John Bruton writes: There is a real prospect of a second referendum on Scottish independence, if pro-independence parties win an overall majority in next month’s Scottish Parliament elections. There is even speculation that Boris Johnson himself might pre-emptively call such a referendum, while the economy is still flat, and voters less likely to take the risk of voting for independence.
Legally speaking, the problems of the UK Union are not the business of other countries, like Ireland.
But we have problems, with which we need the active cooperation, and intellectual engagement, of the UK government, notably, but not solely, to do with Northern Ireland.
The UK government has been distracted by Brexit for the last five years and unable to give attention to normal business, like Northern Ireland.
Brexit, devo and indy
Brexit is at the root of the Scottish case for independence, and Brexit has also weakened ties between London and the administrations in Belfast and Cardiff. There is no shared view between the four parts of the UK on how the place should be governed , and big decisions taken, in a way that maintains consensus.
“Can the British State handle the challenges of devolution?” is the question asked by Michael Kenny, Philip Rycroft and Jack Sheldon in a recent paper published by the Bennett Institute of Public Policy in Cambridge University.
Gordon Brown, former Prime Minister, asked a similar question, in a Guardian article last year, claiming that it will soon be”impossible to hold together a UK of nations and regions in the straitjacket of a centralised state.”
His main criticism is that the UK government takes decisions, like setting the terms for Brexit, without ,properly and formally, taking into account the views of the devolved parliaments in Edinburgh, Cardiff and Belfast.
All three of these clearly stated that they wanted to stay in the EU Single Market, but the Westminster government ignored them. It was guided instead by the opinion of English MPs.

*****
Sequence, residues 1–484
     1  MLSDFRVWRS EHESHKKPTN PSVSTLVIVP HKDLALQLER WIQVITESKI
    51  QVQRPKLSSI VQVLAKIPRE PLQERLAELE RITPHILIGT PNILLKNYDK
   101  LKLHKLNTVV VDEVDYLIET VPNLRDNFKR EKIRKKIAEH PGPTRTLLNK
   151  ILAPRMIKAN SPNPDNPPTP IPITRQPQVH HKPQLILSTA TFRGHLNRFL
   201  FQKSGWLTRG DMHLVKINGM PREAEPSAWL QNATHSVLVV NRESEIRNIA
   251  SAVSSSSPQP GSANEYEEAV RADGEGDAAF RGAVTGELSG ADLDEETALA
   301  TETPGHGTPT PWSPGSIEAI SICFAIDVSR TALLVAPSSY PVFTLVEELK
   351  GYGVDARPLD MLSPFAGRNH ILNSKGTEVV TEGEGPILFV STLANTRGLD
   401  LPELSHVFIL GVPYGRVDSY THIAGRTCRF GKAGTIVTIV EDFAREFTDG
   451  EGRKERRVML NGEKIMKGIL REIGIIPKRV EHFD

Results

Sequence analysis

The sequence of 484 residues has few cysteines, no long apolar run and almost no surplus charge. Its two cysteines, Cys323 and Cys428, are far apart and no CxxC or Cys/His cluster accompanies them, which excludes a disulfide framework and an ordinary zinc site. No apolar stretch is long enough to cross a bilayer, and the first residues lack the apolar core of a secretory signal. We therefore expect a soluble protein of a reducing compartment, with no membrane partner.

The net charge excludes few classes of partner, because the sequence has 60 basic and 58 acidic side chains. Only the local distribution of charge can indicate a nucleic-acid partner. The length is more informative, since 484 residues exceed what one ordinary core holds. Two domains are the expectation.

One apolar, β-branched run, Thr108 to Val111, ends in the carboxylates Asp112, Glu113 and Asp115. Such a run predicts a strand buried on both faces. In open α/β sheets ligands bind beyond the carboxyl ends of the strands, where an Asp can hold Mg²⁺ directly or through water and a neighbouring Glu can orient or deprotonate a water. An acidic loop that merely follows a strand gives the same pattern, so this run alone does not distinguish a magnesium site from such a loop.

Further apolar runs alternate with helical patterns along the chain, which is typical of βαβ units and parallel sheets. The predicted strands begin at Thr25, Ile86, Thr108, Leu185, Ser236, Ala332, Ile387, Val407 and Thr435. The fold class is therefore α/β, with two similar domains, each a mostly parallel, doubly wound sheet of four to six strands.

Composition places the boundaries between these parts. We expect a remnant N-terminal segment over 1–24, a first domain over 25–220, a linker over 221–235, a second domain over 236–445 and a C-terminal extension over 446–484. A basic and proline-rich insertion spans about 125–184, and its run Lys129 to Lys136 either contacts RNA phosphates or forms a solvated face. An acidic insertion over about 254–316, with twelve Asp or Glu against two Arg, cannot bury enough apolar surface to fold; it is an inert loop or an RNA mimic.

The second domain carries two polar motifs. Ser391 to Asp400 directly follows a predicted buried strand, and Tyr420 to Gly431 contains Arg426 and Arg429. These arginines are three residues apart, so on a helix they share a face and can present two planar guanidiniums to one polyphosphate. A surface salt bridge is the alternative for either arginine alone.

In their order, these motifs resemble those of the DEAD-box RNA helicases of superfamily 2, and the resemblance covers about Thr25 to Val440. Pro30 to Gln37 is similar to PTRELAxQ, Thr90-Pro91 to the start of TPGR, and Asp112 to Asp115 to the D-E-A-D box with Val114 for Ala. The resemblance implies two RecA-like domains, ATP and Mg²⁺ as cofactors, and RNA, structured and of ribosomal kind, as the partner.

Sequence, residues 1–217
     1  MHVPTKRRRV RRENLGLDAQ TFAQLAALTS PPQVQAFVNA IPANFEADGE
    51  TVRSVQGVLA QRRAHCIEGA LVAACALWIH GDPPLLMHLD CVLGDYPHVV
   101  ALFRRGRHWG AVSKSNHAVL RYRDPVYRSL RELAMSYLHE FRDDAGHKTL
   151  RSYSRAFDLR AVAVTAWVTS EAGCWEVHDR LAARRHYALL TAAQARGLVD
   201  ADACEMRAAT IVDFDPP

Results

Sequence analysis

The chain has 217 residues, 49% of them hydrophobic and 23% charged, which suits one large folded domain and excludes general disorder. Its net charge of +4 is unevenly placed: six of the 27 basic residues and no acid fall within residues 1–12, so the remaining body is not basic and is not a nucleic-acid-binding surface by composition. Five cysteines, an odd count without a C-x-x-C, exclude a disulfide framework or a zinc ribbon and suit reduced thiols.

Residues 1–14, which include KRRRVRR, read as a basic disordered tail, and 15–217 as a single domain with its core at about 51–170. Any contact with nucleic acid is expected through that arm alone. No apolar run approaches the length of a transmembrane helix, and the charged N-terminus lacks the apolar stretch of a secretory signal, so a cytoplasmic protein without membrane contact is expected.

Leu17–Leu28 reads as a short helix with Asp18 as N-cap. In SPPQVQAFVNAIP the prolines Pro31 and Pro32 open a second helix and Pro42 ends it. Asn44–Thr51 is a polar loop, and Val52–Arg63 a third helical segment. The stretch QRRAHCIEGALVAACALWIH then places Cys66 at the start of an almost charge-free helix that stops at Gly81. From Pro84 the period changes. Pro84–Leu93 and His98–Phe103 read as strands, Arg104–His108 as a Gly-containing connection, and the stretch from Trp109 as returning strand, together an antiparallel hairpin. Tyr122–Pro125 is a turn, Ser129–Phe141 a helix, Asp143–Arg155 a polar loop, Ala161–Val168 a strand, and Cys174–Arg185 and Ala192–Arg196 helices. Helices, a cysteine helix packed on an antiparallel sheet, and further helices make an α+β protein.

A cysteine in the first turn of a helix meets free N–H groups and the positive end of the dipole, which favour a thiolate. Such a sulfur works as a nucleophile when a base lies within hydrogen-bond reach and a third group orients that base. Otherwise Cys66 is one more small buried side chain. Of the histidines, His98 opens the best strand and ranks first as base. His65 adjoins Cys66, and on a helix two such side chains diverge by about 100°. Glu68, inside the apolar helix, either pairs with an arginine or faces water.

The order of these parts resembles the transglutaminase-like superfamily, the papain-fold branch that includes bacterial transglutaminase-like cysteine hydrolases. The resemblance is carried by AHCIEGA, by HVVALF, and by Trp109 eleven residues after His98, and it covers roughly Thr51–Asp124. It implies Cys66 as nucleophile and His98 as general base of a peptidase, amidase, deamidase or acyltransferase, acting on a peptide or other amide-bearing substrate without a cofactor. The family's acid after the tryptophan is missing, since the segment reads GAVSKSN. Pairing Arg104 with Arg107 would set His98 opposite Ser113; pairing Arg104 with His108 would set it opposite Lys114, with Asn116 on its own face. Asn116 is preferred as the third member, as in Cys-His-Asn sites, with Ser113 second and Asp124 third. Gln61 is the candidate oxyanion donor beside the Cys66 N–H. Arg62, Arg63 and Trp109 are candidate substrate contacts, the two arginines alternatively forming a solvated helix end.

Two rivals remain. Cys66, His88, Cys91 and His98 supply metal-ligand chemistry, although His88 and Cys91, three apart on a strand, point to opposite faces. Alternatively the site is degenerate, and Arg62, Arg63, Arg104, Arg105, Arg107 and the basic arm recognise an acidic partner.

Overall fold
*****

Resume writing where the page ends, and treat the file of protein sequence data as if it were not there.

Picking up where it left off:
The contradictions are profound. It was in a speech in which she spoke of the “precious union” of the four nations, that the then PM, Theresa May, also announced that the UK would leave both Customs Union and Single Market( something to which 3 of the 4 nations were opposed).
Later she went outside the long settled Barnett formula for dividing up finance between the devolved administrations, so she could give an extra £1 billion to Northern Ireland, in return for the support of the DUP for her minority government.
She only showed the devolved administrations the text of her Article 50 letter, initiating UK withdrawal from the EU, on the day she sent the letter to Brussels.
When Boris Johnson replaced Theresa May, he weakened the consultative structures she had used to avoid conflicts with the devolved governments. He left it to Michael Gove to consult them and stayed away personally from the issue.
Subsequently, in its (UK) Internal Market Bill, designed to replace the EU Internal market, the Johnson government took back powers to London from the devolved administrations in areas of transport and education.
It is believed Boris Johnson said privately that devolution has proved to be a “disaster”, which is hardly reassuring for those who want to preserve and strengthen devolution, to prevent a complete break up of the Union.
The underlying problem with the UK Union is that it is not underpinned by any written constitution or rule book, with which civil servants and Ministers in London could familiarize themselves.
Every problem is tackled on an ad hoc basis by bilateral bargaining. This is in contrast with the EU, which has a very detailed set of rules, most recently updated in the Lisbon Treaty.
Just as most English MPs never understood the multi level system of government through which the EU worked when they were in the EU, they have not yet come to understand the multi level and variable system, under which the UK Union itself is supposed to operate. They still think of the UK as a centralised unitary state.
For them, the unlimited “sovereignty of parliament“ over rules everything else.
Devolved powers can simply be taken back at the will of the Westminster parliament (often after minimal debate there).
This might work if everybody trusted everybody else. But that is no longer so. Now that power is held by different and often antagonistic parties in London, Edinburgh, Cardiff and Belfast, the casual “make it up as you go along” model of governance of the UK has run out of road.
The London civil service is not designed to cope with a union of four nations (of radically unequal size) .
Ireland should not take sides in the constitutional debates inside the UK. But Ireland has a legitimate interest in ensuring that the internal governance of our neighbouring island is settled and stable, so that the institutions set up under the Good Friday Agreement, which involve Ireland, work as intended. This will not be achieved, if the debate in Britain about the very existence of the UK Union, drags on as long, and as destructively, as the one about Brexit has done.
First published by Irish Independent (€) and reproduced with the author’s permission; image via Wikimedia Commons after flickr CC BY SA 2.0
John Bruton is a former Fine Gael Taoiseach and EU ambassador to the US inter alia. He will be a keynote speaker at our next webinar (on Ireland and the EU) on May 24